What needs probing now includes the following:
Medieval Tuning and Tempering: A frequent modern assumption that earlier Pythagorean temperaments mostly had the “wolf” at G♯–E♭23 seems only rarely to be hinted at in ancient sources. It has sometimes been recommended or assumed by exponents of this culture, including Mark Lindley, although often with serious reservations or caveats.24 Others, such as Adam B. Rahbee, are known to be investigating this.25 Further results are eagerly awaited from him and others. However, the most likely outcome, endemic to this medieval discipline it would seem, is that there was no single standard. One particularly fascinating development of this was how, in the half-century or so before Schlick (the work of Arnaut de Zwolle, Pietro Aaron, et al), the pure thirds/diminished fourths were shifted and came into line with four of what became mean-tone temperament’s normal eight.26
Fingering: The use only of 2nd, 3rd, and 4th fingers when playing medieval keyboard music was strongly promoted in the Rhede masterclasses. There was a claim that it was impossible to use thumb and 5th finger anyway, especially when playing portatives. Yet this was proven wrong by at least one participant, who repeatedly and comfortably used all fingers. When an octave span is required in, e.g., a 3-part Buxheim27 piece, and it can only be played by one hand because the other is too far removed to help out, then how can the thumb not be used, especially if the keys are substantially wider than modern keys and there is no pedal? (Horror of horrors: was the rule of exclusively 2nd, 3rd, and 4th fingers partly formulated by people playing relatively narrow modern keyboards?) Aside from Tobie Miller’s hurdy-gurdy playing in Basel, the finely fingered performances by Brett Leighton—who takes Buchner’s Fundamentum organisandi of c. 1520 and his Quem terra pontus as a point of departure—also linger very well in collective memory.28
Music and its structures: Much of the medieval repertoire could have been intended for constant-scaled ranks. The music of Robertsbridge29 and Faenza30 seem often to rely on the development of tension through tessitura variation and the relation of this to changing tonal qualities induced by scaling practices. Redeuntes, for example, sound wonderful on constant-scaled ranks as the figuration rises and falls. This music thrives on “intensity climaxes” that higher-pitched, fuller and flutier constant-scaled ranks produce. No modern scaling can possibly achieve this. The first Estampie from Robertsbridge has one “punctus” after another, each getting successively higher than the preceding, until the final one just blooms with the highest and most intensely flutey notes of all. It is not just constant-scaled ranks but also other scaling practices from this era—e.g., Arnaut’s “halving on the octave with addition constant”—that can produce this effect. Essentially all early scaling practices do to varying degrees, but the more scaling practice approaches modern schemes, such as Töpfer’s norms,31 the less marked this effect becomes, and the music ends up sounding relatively flat and lifeless.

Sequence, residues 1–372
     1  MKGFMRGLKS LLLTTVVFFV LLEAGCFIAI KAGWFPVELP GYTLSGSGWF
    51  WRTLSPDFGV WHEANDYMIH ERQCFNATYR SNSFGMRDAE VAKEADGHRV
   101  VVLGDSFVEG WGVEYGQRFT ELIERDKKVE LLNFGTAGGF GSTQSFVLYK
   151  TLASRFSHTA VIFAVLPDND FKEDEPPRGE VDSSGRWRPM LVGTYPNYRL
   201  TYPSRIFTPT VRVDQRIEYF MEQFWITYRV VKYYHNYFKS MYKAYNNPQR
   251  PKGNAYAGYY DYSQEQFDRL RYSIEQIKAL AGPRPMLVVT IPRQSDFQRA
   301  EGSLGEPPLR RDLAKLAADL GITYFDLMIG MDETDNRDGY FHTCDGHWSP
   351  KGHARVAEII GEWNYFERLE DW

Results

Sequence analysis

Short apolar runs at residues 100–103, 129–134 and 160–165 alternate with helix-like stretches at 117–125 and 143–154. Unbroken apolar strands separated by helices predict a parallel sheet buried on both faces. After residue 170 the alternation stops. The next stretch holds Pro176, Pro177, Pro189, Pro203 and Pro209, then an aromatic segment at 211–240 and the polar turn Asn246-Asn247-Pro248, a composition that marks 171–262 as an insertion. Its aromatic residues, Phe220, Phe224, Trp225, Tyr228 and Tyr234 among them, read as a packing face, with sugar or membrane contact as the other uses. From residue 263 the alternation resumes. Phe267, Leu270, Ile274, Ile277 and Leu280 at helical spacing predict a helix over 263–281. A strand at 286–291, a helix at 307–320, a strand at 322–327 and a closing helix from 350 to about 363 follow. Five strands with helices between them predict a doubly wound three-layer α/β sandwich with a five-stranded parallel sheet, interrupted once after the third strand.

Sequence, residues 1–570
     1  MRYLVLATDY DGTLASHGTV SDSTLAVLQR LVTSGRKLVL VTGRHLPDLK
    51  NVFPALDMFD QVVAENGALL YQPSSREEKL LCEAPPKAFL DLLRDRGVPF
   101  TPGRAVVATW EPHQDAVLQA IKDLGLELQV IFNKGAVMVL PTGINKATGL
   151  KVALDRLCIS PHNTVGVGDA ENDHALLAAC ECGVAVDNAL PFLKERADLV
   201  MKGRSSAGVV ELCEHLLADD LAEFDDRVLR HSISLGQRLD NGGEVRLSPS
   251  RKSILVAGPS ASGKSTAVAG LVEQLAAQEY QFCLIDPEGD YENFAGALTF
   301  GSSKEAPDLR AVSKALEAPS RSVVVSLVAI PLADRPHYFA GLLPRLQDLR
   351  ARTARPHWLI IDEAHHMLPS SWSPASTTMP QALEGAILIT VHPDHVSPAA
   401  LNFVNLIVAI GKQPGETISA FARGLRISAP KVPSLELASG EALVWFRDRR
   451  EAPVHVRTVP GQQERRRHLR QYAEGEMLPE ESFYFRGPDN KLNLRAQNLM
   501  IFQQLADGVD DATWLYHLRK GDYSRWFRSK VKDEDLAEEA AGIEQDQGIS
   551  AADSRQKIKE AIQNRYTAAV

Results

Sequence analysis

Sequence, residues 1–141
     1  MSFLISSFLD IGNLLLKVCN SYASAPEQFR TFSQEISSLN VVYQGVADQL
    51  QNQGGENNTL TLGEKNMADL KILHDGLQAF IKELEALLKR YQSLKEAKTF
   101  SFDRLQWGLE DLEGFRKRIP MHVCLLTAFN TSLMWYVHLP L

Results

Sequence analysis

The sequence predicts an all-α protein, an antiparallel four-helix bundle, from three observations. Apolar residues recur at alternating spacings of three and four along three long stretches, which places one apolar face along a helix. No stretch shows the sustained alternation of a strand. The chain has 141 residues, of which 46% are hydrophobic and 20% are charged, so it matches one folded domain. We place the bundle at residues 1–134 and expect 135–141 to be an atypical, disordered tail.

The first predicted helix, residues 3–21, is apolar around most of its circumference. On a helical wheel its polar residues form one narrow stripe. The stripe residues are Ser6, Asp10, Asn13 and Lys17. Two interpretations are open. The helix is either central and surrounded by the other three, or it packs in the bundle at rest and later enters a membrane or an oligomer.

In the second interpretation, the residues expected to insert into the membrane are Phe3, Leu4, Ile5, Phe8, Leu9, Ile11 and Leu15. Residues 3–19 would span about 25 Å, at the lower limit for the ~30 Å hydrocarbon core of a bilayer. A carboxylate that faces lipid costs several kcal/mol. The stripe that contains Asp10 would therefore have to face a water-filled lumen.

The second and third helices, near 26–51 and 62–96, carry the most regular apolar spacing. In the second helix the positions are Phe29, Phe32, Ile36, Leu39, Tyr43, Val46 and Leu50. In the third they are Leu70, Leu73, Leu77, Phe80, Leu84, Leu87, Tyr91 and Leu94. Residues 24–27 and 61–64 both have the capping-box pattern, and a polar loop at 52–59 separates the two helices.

Metallurgy—copper, lead, tin, and alloys—plays a most critical role. The use of wood for pipes is another question, particularly the issue of its first clearly recorded use—Italy, late 15th century?32 The Sion (Switzerland) Valeria organ has a “Copel” made from wood, now dendrochronologically dated from around early 15th century.33 Of course, wood was introduced at some stage between the hydraulis and Arnaut de Zwolle as a material replacing the earlier copper/bronze variants used in making windchests.34 Similarly, early conical metal pipe-forms and the potential confusion they cause in the iconography with wood needs investigation.35 The relics at Hamar, Norway, may eventually provide a key.
The apparently sudden change from copper/bronze to lead at the turn of the 13th century is an interesting phenomenon: that lead was far more malleable than copper may have been a driving motivation clinching change. But the tonal effect was so strikingly softer and sweeter that this was expressly noted in many contemporary tracts.36 It must have come as a profoundly exciting development, part of the Ars Nova/Ars Antiqua watershed. Notated organ music first consistently appeared just after the change—some of it might suit the sound of tin or copper but most of it plays remarkably well on lead pipework. Did the notion of accompanied voices rather than alternatim also receive some kind of stimulus here? And the desire to separate a single 8′ out from a Blockwerk: was this also part of the switch to lead? Later register names, such as Doof, hint at this, for the softer tones of lead must have seemed “deaf” compared either to copper pipes or the presence of upperwork of any kind. It was mainly in the centuries after this change that the typical, relatively small, medieval organ began to share the stage with some increasingly multi-ranked Blockwerks. The facility of the larger Blockwerks to be reduced to a single, sweet foundation rank must have been very alluring, whether for accompaniment or contrast.
Blockwerk registrations were sometimes recommended for pieces played by participants in Rhede—but how many organs pre-15th century had more than about one, two, or three ranks? Two of these ranks were often enough simply a doubled unison. The most spectacular Blockwerks were reported by Wulstan at Winchester in the 10th century or Praetorius at Halberstadt in the 14th or 15th century. Were some of these chroniclers, like us, more impressed with size—or hooked on hyperbole—than with making sober inventories of what was really there? Certainly, the three-rank Rims organ was closer to many Blockwerks of that era than the concept of a “Lokaz of at least 50 ranks,” to cite Schlick at the end of the era around 1511. And the Winchester organ: did this have copper pipes? Presumably. Was that—apart from its apparently anachronistically large mixture—another reason why it was reported as being so loud? Prima facie, sources and iconography prior to the 15th century indicate the existence of relatively few large Blockwerks compared to the many Positives and Portatives.